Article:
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Synoptic Economics: Does FDI raise UK house prices?

Geoff Riley

27th March 2018

Demand from foreign investors has had a significant and positive effect on UK house price growth over the last 15 years, according to research by Filipa Sá presented at the Royal Economic Society's annual conference at the University of Sussex in Brighton in March 2018. Analysing a new dataset released by the Land Registry, which records all property transactions in England and Wales registered to overseas companies, the study finds that:

Average house prices in England and Wales in 2014 would have been about 19% lower in the absence of foreign investment (at approximately £174,000, compared with an actual average of about £215,000).

The impact on house prices is concentrated mostly in the South East and major cities in the North, such as Liverpool, Leeds and Manchester.

The effect of foreign investment on house prices is larger in local authorities where housing supply is less elastic – due to land scarcity or regulatory constraints.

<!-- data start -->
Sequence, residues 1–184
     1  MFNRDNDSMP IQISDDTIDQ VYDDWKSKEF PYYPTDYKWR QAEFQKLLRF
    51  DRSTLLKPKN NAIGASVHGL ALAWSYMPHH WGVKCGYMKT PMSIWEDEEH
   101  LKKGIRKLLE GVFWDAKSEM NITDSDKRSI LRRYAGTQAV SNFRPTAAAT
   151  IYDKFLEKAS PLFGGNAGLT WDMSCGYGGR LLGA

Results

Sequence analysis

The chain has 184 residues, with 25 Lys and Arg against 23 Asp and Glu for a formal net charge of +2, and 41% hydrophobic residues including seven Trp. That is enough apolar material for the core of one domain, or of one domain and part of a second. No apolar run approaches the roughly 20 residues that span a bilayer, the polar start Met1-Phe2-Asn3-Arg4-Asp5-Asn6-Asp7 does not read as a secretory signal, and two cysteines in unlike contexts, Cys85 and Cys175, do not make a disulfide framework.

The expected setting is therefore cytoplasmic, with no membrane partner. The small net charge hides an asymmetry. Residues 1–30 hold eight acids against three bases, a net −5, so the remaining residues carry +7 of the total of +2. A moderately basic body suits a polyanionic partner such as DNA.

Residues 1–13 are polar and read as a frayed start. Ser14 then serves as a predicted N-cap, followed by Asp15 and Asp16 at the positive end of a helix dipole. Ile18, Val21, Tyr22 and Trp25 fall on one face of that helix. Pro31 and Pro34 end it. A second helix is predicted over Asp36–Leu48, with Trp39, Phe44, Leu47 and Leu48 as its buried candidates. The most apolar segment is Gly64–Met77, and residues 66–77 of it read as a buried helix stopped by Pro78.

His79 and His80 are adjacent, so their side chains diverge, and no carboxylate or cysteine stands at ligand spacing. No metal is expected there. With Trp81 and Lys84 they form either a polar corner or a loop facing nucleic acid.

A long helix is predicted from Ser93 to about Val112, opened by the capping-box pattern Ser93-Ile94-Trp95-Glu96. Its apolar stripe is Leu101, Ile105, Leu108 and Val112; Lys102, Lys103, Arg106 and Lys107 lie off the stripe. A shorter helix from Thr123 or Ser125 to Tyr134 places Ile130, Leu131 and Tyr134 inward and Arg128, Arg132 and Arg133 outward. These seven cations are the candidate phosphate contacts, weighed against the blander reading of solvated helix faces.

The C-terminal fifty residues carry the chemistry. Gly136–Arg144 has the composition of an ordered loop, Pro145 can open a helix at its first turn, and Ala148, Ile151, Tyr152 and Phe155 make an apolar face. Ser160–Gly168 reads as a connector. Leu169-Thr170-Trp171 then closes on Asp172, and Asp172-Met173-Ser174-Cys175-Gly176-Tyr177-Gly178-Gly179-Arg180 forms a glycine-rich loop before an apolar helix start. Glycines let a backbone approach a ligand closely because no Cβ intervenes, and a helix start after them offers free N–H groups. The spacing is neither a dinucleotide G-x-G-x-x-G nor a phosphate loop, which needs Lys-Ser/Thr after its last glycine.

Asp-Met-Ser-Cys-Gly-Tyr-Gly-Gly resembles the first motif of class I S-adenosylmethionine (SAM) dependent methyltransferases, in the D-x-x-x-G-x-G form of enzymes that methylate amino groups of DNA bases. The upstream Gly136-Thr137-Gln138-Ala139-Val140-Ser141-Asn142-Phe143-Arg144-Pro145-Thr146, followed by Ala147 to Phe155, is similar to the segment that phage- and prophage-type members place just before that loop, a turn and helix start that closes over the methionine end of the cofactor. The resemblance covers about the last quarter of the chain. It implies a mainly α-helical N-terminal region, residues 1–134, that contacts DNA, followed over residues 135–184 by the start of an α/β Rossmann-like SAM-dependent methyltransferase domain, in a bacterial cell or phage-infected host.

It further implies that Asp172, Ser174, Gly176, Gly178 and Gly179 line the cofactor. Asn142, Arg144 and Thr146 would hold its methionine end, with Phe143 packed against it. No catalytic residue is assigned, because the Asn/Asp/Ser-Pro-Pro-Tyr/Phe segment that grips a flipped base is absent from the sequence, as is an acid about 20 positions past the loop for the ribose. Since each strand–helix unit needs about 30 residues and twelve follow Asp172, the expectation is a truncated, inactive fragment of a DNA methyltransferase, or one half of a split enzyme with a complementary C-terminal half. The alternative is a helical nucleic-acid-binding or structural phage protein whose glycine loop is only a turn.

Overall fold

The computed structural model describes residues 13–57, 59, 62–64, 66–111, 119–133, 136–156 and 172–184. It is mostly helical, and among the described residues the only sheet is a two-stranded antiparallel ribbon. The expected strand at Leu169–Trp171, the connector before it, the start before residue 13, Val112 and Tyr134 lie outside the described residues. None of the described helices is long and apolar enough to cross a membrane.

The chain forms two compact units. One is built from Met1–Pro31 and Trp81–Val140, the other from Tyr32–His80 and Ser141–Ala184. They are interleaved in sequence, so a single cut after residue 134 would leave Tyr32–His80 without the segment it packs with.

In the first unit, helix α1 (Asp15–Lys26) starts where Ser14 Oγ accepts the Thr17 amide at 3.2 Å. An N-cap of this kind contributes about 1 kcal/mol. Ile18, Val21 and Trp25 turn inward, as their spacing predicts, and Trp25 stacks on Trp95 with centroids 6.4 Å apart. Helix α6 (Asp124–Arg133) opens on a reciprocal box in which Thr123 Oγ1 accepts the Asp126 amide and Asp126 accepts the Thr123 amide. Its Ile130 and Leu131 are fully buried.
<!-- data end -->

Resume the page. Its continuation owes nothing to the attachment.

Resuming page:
Foreign investment does not just raise prices of expensive homes, but has a ‘trickle down’ effect to less expensive properties.

There is no evidence that an increase in foreign investment leads to an increase in housing construction or in the share of vacant homes.

There is evidence that foreign investment reduces home ownership rates, suggesting that some residents may be priced out of the market in areas where foreign investors are more active and have to rent rather than own their homes.

Geoff Riley

Geoff Riley FRSA has been teaching Economics for over thirty years. He has over twenty years experience as Head of Economics at leading schools. He writes extensively and is a contributor and presenter on CPD conferences in the UK and overseas.

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